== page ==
First thing’s first. What exactly do you need to do to win the pitch? Define what would win you the pitch, then add extra to ram it home. Sometimes it’s as simple as working backwards from your desired goal, figuring out the steps required, and then just getting it done.

2. Break the process

One of the most common downfalls we see is the lack of relationship building in sales, and the same goes for pitches. If you can find ways to interact with the client above and beyond the opportunities you’d normally get, you’re on to a winner.

3. Show you know their business

Do you actually care about winning this business? And why do you want to work for this client in the first place? Show you care, in whatever way makes sense to you (within reason!). A client that knows you give a s**t about their business is a client that’s more likely to spend money with you.

4. Creativity and strategy

Get creative. Get fruity. Get outside your comfort zone. Share those bigger ideas that go beyond the brief and make it real for them. Come to mention it, push the client out of their comfort zone, too. Everyone loves a bit of fun, and if you can’t have fun in our industry then when can you at work?

5. Live the brand

Whether it’s a sustainable, B Corp yoghurt brand or a zany confectionary company, live and breathe their brand. Become a customer, use their product and experience the service they offer. It goes back to the point about caring about their business — if you’re not clued up, then what’s the point?

6. Show how you work

A crucial one — the client wants to know how you work. Sprinkle in additional extras to your pitch to demonstrate how you work, whatever they may be. Wow the client with skills they didn’t know you had.

Successful examples of progressive disclosure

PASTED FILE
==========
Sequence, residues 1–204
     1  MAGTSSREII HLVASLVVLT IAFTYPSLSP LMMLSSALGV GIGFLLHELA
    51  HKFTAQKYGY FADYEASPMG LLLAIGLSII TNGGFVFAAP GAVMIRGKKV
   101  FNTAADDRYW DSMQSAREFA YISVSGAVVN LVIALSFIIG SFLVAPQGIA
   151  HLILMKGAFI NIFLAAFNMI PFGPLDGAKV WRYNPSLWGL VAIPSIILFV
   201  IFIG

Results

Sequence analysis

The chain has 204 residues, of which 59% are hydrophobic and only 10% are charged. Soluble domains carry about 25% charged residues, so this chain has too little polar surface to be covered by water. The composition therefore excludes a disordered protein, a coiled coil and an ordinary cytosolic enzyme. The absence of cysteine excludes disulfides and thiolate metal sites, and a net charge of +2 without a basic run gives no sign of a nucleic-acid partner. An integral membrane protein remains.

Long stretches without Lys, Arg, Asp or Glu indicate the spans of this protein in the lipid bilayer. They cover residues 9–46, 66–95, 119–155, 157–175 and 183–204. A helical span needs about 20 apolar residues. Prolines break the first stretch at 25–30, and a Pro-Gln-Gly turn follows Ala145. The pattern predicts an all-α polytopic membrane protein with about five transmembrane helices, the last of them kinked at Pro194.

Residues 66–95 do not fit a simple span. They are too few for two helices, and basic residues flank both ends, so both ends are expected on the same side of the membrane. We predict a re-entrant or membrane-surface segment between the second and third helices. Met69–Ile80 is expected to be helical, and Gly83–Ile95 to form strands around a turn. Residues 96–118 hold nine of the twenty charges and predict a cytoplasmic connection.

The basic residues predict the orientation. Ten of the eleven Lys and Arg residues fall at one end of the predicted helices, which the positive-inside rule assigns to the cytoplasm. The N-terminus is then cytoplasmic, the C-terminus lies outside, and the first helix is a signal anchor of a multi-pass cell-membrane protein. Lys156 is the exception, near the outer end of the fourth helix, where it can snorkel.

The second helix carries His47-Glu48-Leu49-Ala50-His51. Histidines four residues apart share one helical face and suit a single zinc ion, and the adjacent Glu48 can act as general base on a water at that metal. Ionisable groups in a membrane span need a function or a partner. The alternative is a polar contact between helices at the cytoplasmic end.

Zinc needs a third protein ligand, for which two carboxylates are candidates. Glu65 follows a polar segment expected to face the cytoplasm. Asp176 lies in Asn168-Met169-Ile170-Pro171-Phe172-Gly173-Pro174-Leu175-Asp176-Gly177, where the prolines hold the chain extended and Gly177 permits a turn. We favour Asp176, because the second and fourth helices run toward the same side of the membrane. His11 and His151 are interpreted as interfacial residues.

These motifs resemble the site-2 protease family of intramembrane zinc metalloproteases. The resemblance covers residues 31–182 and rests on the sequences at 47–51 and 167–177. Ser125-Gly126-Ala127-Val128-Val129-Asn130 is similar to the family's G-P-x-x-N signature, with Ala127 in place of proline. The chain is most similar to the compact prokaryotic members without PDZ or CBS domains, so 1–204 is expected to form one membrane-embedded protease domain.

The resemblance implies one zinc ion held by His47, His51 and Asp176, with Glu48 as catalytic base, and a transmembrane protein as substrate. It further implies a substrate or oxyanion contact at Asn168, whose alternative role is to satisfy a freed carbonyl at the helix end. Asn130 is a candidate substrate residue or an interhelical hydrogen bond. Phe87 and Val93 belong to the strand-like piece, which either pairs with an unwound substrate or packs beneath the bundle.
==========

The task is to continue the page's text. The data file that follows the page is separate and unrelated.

One example of this is when we pitched for the mobile transformation for Flybe.

To break the process we progressively disclosed a variety of value add activities. In the early stages of the pitch we delivered a variety of conceptual thinking. At the tissue pitch we presented back research we’d undertaken.

But this wasn’t just desk research — we’d sent one of our team members on back to back consecutive flights across the UK who interviewed passengers and staff on the flights and at the airports, capturing unique insights and evidence of our activity.

We rounded the final pitch off with a full working coded prototype. Suffice to say we won.

The second example was for Costa Express and their pitch to redesign and develop the application that sits on their coffee machines you see pretty much everywhere.

This was a pitch through an intermediary, so immediately harder to break the process with.

However, we adopted the progressive disclosure approach and found ways to weave in conceptual thinking, design thinking, creative concepts, customer profiles and use cases during and inbetween the process. Including leveraging the tissue pitch to elbow in as much value as we could.

On the day of the pitch we went overboard with the pitch theatre and when the client arrived we had a full size prototype set-up using a 42” portrait touch screen monitor with sound effects.

Yes, we won that one too.

Let’s wrap this up

So it just goes to show, that progressive disclosure and going that extra mile makes a difference, especially in this fiercely competitive market.

Mastering the art of progressive disclosure can set you apart from the competition and help you win those coveted contracts.

By strategically revealing valuable information, addressing concerns, and creating emotional connections, you not only meet your clients’ expectations but exceed them.

This creates a memorable and compelling pitch that forges deeper connections and increases your chances of success. So, the next time you step into a B2B sales pitch, remember the power of surprise, and pitch to win!